By Markus Kather and Tobias Sieblitz
What can we do if certain cities or regions are facing difficult socio-economic situations? What if for example skilled labour is missing, what if qualified and educated people are leaving – commonly known as the brain drain? Together with the city of Guben as well as transnational partners from Gubin (Poland), the region of Crete (Greece) and the Institute for Place Management at the Manchester Metropolitan University (UK), INPOLIS and Multiplicities undertook a project called COBRA in the Lausitz region, situated in the German state of Brandenburg, close to the Polish border. The project was funded by the state ministry of labour and the European Social Fund (ESF). The idea of the model project was all about collaboration and cooperation – the most important means to alleviate above described problems. But what exactly did we do? And what did we learn from the experience in the Lausitz? In a series of two blog entries, we present the most important findings. Here is part one:
The biggest issues that were identified in the rural areas where COBRA took place were that skilled labour was leaving and companies did not make use of their innovation potential either because they did not have the means or the time to do so. This is exactly where COBRA came in. What we tried to do was to establish a connection between traditional companies in the region and young entrepreneurs and creatives – sometimes students, sometimes graduates. The project COBRA essentially aimed at optimizing the intersection between creatives, Brandenburg companies and traditional craft enterprises: thus creating “collabourative labour opportunities in Brandenburg” – COBRA. At the core we set up a series of one-week workshops, bringing different groups together in Guben and working on questions that arise from the daily business of the firms, while getting to know the region. How does such a project work though? Here are some insights in the most important steps:
Discovering new potential and challenges
At first it is important to discover new potential and challenges in the area involved – it´s all about finding the right partners. Basically you need to find out which people are actually interested in the project and who fits the project idea. What companies would be interesting to involve? Are there regional competencies that help creating a focus? Who are communication partners and where could you make such a project happen? In this early exploratory phase it is not uncommon to end up with more partners than you might expect. However, this is not a bad thing as some partners will not stay on over the entire duration of such a project.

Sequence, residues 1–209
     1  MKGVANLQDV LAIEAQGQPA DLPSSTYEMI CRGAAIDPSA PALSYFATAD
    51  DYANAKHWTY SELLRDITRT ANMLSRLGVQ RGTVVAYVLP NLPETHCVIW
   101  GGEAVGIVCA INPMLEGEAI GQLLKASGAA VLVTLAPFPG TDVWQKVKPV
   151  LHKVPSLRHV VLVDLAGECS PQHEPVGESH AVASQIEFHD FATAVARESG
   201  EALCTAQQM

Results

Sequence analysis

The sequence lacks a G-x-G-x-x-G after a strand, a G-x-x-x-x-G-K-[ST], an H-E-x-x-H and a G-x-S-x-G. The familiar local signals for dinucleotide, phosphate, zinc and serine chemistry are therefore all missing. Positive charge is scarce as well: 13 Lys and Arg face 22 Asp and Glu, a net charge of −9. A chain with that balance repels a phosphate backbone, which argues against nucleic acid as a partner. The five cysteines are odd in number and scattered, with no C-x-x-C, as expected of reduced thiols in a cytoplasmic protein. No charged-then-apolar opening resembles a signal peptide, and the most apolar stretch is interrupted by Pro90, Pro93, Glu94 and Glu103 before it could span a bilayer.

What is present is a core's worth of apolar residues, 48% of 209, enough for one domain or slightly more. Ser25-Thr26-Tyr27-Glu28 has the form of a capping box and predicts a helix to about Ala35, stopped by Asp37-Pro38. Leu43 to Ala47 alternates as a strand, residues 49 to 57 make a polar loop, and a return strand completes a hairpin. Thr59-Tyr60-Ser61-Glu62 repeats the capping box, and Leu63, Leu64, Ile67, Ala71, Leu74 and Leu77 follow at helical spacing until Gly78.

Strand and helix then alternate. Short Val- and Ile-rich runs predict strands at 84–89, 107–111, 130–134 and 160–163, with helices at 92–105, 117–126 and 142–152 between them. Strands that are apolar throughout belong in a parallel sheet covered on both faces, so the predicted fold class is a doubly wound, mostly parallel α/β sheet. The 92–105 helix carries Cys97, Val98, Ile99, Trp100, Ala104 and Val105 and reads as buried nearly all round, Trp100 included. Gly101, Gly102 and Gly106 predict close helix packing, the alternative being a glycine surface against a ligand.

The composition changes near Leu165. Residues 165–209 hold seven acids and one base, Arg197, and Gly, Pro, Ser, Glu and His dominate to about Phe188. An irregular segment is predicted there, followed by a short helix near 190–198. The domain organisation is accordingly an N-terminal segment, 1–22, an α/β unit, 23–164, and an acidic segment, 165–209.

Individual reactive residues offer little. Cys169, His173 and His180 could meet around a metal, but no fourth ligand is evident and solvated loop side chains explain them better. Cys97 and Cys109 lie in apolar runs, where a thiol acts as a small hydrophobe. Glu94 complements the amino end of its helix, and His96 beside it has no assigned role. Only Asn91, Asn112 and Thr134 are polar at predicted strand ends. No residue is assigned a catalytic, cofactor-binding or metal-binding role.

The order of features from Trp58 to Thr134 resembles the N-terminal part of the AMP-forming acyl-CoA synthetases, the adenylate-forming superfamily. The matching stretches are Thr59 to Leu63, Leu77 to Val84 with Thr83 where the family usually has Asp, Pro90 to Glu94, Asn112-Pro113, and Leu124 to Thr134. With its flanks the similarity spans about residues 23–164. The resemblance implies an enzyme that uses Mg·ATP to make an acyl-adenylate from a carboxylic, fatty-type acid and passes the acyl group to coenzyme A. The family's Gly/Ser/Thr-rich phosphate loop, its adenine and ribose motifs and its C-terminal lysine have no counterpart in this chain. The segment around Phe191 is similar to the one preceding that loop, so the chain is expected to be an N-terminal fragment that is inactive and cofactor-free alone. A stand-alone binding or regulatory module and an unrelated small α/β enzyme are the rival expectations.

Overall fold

Establishing new networks and relations
After identifying the right partners and platforms, in the next phase you are trying to establish a network between these partners in order to build up trust and make them more accustomed to the idea of the project. What COBRA did was start off with a Kick-off event to which potential company partners were invited. Then, over the course of several months, the “creatives”, as in students and young entrepreneurs, visited the companies and people involved got to know each other – also on an informal level which is very important in establishing trust. The communication between the different partners is the most important aspect in this phase. It is critical to realize the best way for them to communicate and to appreciate the “different languages” that each group speaks. It is essential for the lead project partner to understand that fact and help the different project partners understand each other.
Moreover, the result of a project like COBRA should not be pre-set. Imagination should eventually be allowed to run its course and no pressure be built up. Supplement that with examples and references and there are no boundaries as to what can come out of collaboration and cooperation…
However, this is only the beginning of such an undertaking. What are the actual challenges or goals in the minds of the project partners? How do we pick the right tools to create situations of trust and collaboration? What are the results of a one week workshop and how do we deal with prototypes, the rough and unfinished? In the second part of this series light will be shed on these questions.